At this point in time, the situation of the Muslim world can easily seem hopeless. But I remember back in the mid-60s, during the Cultural Revolution, when China seemed hopeless too. It was roiled in chaotic anger and frustration, choking in poverty, seemingly unable to cope with the modern world, and digging itself an even deeper whole through fanatic devotion to a dogmatic version of its dominant creed (in the Chinese case, the cultural revolution version of Marxism-Leninism). And anyone in China who criticized the situation or called for a different direction would be met with violence and very possibly death. Yet 40 some-odd years later, contrary to any reasonable expectation, China has progressed by leaps and bounds.
I think China is a good comparison because after all the Muslim world and China were at the head of human progress at the same time and both fell within four years of each other and to the same force, the Mongol Horde. In fact, the very same army that destroyed Baghdad in 1254 was marched back to East Asia and toppled the Southern Sung dynasty in 1258. Although there were Ming China and the Ottoman and Safavid Empires, neither the Chinese nor the Muslim world fully recovered until the Chinese have done so in the past few decades. And both the Chinese and Muslim worlds were held back by their very past success, a past success that allowed the old ways to become rigid and unable to change.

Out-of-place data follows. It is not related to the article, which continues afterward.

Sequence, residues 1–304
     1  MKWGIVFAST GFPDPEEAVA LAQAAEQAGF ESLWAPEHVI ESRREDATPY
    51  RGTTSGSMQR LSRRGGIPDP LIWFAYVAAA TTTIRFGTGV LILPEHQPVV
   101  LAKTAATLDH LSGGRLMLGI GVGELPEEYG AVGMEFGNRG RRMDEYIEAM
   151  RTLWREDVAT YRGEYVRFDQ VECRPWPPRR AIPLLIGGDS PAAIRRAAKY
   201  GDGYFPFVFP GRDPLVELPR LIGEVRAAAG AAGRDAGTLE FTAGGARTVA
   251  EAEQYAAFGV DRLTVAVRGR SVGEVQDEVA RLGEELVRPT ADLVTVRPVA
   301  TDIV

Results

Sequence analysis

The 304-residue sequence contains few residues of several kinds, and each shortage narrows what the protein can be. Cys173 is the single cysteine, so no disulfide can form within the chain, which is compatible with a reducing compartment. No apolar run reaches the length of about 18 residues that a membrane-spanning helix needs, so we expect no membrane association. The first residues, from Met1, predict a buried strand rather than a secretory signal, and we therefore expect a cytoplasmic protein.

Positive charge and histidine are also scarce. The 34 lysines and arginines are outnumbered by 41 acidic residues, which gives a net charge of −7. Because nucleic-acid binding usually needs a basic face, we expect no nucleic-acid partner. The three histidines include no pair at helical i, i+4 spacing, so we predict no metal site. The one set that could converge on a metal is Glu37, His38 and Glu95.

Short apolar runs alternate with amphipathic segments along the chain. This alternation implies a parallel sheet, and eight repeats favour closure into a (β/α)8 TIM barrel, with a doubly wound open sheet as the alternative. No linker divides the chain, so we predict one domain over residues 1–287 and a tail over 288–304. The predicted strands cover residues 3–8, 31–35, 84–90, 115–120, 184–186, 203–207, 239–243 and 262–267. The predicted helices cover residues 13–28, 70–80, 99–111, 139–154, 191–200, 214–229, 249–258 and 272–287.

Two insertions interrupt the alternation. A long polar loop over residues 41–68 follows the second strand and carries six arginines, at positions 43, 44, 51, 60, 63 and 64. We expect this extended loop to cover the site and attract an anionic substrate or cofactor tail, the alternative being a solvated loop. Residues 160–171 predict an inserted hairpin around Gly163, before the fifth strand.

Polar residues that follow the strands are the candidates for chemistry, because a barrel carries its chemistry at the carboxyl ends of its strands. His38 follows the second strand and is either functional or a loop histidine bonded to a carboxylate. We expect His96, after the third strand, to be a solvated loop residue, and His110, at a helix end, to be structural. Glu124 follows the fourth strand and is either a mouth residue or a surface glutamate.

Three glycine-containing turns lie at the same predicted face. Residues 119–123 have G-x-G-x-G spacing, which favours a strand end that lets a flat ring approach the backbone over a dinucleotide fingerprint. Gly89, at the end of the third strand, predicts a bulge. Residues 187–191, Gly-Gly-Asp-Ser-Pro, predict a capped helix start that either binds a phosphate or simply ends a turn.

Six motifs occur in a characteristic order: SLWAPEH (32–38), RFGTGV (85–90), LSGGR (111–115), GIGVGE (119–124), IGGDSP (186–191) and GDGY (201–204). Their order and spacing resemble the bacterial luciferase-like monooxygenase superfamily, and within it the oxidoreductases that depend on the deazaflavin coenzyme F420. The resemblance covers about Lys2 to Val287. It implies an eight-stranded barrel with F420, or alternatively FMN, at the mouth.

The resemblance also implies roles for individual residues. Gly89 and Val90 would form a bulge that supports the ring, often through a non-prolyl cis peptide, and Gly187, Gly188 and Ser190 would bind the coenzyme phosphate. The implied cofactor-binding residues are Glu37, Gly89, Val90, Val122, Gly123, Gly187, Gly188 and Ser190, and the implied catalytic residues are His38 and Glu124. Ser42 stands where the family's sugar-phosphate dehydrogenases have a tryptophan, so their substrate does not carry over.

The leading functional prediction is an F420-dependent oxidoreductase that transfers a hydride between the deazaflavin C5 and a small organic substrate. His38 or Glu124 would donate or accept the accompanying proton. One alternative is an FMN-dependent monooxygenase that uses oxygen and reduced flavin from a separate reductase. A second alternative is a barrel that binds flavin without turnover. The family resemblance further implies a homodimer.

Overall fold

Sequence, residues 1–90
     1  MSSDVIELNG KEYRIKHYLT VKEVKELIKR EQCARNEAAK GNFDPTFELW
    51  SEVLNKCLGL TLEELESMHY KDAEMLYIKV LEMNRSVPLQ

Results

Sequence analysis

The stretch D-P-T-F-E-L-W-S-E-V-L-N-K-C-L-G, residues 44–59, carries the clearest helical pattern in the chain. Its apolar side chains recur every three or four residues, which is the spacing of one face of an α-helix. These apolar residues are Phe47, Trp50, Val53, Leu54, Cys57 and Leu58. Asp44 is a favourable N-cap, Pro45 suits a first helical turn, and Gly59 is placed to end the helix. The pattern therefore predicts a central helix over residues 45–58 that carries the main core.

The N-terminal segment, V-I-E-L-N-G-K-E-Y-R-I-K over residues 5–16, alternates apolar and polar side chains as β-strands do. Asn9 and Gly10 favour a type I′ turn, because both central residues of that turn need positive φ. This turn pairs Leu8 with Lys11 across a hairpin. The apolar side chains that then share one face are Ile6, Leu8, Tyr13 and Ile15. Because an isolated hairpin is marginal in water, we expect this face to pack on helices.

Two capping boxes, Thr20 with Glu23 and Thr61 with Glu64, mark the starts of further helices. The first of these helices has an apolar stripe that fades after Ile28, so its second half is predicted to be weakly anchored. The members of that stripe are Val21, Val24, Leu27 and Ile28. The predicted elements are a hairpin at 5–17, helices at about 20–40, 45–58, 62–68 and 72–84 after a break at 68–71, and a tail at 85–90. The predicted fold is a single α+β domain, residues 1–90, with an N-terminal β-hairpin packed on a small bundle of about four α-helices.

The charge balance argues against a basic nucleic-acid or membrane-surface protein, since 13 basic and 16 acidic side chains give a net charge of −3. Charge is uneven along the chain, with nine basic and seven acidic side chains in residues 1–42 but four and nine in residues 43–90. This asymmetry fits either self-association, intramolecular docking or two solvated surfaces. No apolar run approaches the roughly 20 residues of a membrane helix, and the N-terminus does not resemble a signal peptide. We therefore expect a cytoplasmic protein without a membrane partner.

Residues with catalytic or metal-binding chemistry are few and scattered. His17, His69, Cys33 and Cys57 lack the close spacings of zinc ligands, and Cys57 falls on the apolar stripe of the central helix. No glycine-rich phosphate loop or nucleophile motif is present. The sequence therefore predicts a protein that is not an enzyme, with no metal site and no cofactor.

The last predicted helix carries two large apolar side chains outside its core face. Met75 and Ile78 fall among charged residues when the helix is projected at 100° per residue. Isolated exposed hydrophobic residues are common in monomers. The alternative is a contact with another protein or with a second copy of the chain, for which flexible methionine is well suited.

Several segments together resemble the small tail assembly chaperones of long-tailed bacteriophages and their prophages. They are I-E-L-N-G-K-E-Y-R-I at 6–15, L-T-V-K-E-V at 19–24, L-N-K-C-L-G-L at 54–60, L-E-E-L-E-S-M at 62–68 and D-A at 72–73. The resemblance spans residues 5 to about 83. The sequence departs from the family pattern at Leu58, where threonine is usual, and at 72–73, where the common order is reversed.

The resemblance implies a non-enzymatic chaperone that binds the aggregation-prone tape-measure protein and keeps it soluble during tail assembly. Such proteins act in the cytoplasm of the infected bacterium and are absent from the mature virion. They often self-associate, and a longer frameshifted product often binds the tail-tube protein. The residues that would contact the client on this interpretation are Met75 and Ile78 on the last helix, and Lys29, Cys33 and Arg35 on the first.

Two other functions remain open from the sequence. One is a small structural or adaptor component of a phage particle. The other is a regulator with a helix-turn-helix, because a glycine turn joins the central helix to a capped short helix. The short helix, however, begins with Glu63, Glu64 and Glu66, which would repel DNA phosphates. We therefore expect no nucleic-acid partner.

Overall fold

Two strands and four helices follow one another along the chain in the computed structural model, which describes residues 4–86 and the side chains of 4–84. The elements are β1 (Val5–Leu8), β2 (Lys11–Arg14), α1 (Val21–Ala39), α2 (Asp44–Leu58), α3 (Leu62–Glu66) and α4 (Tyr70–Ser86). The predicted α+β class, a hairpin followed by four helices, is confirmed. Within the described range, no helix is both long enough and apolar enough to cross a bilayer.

What lessons might be available in recent Chinese history about how a once great civilization can find its way again within the modern world? One is the role of hitting bottom. On at least two occasions the Chinese people as a whole really seem to have gotten that "this is not working". One was the rejection of warlordism and the Nationalist party in favor of the Communists. And the second was the rejection of Maoist purity and poverty in favor of a more ordinary life and greater prosperity through Deng's reforms. Each time, China hit bottom and hit hard. Like an alcholic finally hitting bottom.
The Muslim world has somehow not fully hit bottom. Perhaps much of this is the fault of easy money from oil. An alcoholic with an inheritance can go on drinking far longer than an alcholic who has to work for a living.
But like the friends of the hopeless alcholic who worry for him and wish they could help, FB Ali and all wise friends of the Muslim world must stand by waiting for when the bottom finally is hit and the Muslim world says "OK. This is not working. We need to do something else." Then, there will be the opportunity to really help. And it is worth having the courage to get ready for that day even when we can not see when it will arrive.

Chris Marlowe

Brigadier Ali--

I read through all of your article, and have a few comments.